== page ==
Comparison of PP estimated from the VPP-model and values obtained from measurements generally show good accordance in the six domains. Astthorsson et al. (2007) found that the annual PP above the southern open shelf (∼200–300 g C m–2 yr–1) was significantly higher than at the shelf north of Iceland (100–200 g C m–2 yr–1). This agrees well with the model estimates of the spatial gradients and the annual PP (263 ± 18 and 201 ± 18 g C m–2 yr–1 for the two areas, respectively: Table 1). Relatively high PP estimates (201 g C m–2 yr–1, Debes et al., 2008) have also been reported over the shelf around the Faroe Islands. These estimates from the southern and northern open shelf areas are in general accordance with the VPP-estimates. Sanders et al. (2005) estimated the annual new production, i.e., that based on exogenous nutrient input (Dugdale and Goering, 1967), in the Irminger basin located between Greenland and Iceland (in the sub-polar domain) as 36 g C m–2 yr–1 based on nutrient measurements and satellite data. Similarly, Henson et al. (2006) estimated new production to 60 g C m–2 yr–1 based on satellite derived silicate distributions. New production is only a fraction of PP and is, thus, a lower bound of PP, and these estimates of new production are also significantly lower than our estimates of PP (100–200 g C m–2 yr–1) in the Irminger Sea.

Harrison et al. (2013) estimated PP in the Norwegian Sea, located between the Norwegian shelf and the Greenland Sea, to be 80–120 g C m–2 yr–1. This is in general agreement with our estimates of between 100–200 g C m–2 yr–1 for the area (Figure 2A). Zhai et al. (2012) analyzed the annual PP at six locations around Iceland by using satellite data and a vertically resolved model for calculating PP, and comparison with in situ measurements indicated that their estimated PP from remotely sensed data were 50% too high. Their estimates of annual PP on the shelves north and south of Iceland showed a similar tendency to a higher production south of Iceland and their values were ∼25% larger for these locations than the corresponding estimates from the VPP-model (Table 1). Similarly, their locations in the Icelandic basin and Nordic Seas were in general agreement and ∼25% larger than the VPP-model.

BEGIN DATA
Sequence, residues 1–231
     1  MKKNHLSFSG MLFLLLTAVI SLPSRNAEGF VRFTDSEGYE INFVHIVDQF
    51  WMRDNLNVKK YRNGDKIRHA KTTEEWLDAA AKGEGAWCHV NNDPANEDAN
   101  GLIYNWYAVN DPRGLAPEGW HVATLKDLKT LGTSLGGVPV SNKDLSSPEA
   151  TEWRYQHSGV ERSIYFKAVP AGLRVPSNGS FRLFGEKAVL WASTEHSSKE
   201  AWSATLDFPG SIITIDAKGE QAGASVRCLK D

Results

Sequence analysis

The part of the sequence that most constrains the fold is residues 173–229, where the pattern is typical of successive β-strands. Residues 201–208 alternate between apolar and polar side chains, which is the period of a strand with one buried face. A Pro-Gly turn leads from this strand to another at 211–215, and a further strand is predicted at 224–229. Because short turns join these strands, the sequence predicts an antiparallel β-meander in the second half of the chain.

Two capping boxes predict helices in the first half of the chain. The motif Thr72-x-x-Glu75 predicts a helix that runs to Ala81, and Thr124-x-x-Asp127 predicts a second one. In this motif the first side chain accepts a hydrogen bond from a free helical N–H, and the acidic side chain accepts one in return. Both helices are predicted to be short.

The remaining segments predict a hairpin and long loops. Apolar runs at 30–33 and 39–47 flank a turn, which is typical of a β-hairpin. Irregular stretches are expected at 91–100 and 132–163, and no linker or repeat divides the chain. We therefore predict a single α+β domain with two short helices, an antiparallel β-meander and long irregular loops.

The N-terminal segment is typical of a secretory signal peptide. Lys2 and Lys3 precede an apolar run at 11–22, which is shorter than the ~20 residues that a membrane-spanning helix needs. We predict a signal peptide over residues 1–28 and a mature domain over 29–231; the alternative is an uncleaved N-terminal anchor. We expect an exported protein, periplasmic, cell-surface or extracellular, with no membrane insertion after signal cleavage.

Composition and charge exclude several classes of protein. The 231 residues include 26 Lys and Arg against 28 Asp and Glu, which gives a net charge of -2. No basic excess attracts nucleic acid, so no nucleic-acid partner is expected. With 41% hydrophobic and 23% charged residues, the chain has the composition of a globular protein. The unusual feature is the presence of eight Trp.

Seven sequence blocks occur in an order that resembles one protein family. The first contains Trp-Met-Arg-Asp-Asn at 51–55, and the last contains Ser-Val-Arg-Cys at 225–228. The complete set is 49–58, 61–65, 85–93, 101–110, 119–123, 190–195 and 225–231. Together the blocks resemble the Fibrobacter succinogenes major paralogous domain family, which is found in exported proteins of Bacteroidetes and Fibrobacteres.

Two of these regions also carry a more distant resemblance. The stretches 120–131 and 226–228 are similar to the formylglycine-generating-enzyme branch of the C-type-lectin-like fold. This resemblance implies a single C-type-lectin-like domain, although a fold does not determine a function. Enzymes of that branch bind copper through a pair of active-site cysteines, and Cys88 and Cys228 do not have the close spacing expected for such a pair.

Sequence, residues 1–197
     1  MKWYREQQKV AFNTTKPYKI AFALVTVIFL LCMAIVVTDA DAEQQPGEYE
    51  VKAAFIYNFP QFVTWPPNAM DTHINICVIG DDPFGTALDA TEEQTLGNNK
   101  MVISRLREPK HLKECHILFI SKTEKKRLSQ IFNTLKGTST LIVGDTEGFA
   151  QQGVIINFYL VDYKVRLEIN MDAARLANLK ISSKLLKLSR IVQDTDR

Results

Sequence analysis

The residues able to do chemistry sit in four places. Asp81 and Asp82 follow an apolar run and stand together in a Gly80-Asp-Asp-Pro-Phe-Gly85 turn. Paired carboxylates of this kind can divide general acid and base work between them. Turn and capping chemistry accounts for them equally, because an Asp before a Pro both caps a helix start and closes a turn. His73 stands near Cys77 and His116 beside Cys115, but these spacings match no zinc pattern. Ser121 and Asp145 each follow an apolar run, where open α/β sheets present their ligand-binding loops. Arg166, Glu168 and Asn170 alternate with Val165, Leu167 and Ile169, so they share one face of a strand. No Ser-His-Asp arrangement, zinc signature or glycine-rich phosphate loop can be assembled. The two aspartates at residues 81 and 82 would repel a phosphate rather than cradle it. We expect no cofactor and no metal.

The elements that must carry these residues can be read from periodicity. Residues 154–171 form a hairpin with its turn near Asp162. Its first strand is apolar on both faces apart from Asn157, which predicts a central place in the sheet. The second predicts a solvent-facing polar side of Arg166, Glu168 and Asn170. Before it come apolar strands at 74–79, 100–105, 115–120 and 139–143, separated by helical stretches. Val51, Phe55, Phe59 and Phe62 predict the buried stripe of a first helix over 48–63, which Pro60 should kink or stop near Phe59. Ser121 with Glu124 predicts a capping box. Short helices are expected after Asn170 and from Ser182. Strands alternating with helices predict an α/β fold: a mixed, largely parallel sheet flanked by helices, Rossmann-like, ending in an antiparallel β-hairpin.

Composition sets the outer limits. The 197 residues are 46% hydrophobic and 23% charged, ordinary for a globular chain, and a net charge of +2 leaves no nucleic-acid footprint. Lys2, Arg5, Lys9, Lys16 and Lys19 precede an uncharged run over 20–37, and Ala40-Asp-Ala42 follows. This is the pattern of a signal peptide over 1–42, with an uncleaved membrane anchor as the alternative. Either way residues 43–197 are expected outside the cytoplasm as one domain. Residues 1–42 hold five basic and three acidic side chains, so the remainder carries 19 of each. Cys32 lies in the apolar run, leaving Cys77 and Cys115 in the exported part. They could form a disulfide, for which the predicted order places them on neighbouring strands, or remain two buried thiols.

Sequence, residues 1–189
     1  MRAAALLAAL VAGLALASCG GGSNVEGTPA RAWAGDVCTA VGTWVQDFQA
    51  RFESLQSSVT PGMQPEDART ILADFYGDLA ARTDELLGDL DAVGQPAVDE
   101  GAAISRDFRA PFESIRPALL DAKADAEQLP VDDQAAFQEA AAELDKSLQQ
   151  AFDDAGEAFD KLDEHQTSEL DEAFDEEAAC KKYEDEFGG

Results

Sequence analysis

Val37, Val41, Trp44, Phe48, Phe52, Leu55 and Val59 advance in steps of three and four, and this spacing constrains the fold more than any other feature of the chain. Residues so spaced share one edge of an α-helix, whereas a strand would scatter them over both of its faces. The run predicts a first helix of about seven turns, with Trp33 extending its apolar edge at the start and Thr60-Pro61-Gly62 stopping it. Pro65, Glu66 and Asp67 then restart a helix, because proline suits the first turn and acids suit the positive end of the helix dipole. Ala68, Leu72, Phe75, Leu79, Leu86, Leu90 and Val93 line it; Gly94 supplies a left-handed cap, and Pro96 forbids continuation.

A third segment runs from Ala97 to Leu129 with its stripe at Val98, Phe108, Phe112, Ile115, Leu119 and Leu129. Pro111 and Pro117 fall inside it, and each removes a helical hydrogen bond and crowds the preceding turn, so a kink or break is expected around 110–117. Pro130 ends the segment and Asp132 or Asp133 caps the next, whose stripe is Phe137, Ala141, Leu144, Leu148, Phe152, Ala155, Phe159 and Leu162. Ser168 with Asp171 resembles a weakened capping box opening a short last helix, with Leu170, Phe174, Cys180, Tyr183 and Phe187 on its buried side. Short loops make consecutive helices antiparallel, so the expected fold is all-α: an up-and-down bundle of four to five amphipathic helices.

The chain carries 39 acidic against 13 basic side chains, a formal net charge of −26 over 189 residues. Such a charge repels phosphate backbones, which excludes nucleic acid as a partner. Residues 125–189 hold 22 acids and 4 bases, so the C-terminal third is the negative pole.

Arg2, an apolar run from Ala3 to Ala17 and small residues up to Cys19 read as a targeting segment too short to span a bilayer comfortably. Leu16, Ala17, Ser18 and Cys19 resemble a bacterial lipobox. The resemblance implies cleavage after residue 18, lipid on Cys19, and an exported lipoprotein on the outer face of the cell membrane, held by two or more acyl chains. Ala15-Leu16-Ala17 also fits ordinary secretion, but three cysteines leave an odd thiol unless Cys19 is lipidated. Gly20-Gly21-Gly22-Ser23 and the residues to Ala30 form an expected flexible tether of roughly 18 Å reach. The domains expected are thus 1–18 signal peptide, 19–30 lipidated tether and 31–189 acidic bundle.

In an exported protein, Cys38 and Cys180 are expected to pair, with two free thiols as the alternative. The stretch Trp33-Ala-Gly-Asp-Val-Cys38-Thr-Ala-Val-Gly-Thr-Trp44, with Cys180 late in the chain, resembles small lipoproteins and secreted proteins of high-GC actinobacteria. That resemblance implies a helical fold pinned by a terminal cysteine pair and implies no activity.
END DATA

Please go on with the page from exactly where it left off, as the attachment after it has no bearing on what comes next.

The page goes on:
Thus, the simple approach behind the VPP- and VGPM-models, where surface fields of chlorophyll a are the major factor for estimating PP, may represent the general distribution of PP but also lead to significant model-bias when compared to in situ measurements [see for example discussion in: Carr et al. (2006); Henson et al. (2006); Richardson et al. (2016)]. Local effects, not included in the models, may be important for PP. For example, the VPP-model considers the depth of the nutricline based on nitrate distributions, which has been shown to determine the fraction of PP occurring below the surface layer in large areas of the ocean (Richardson and Bendtsen, 2019). However, other nutrients are known to be important in the sub-polar area, e.g., silicate (Hátún et al., 2017) and iron (Nielsdóttir et al., 2009), and such limitations are not included in the PP-models used here.

Limitations due to local effects and the simple parameterizations of photosynthetic parameters will impact the absolute values of PP and also the seasonal variation in PP. However, the PP-models used here are mainly driven by the distribution of chlorophyll, and because the mixed layer depth (Figure 8) and nutricline depth are relatively shallow during the growth season in the sub-polar area, a significant fraction of total PP is estimated to take place in the upper 10 m. This is within the depth range where chlorophyll can be observed by satellites. Thus, we argue that the differences between the relative distributions found for the six domains are real, and that the different PP-levels between areas north and south of the GSR as well as between shelves and open sea areas reflect the spatial and temporal response of PP to the varying light and nutrient conditions in the sub-polar region.

Production Above Shelf Areas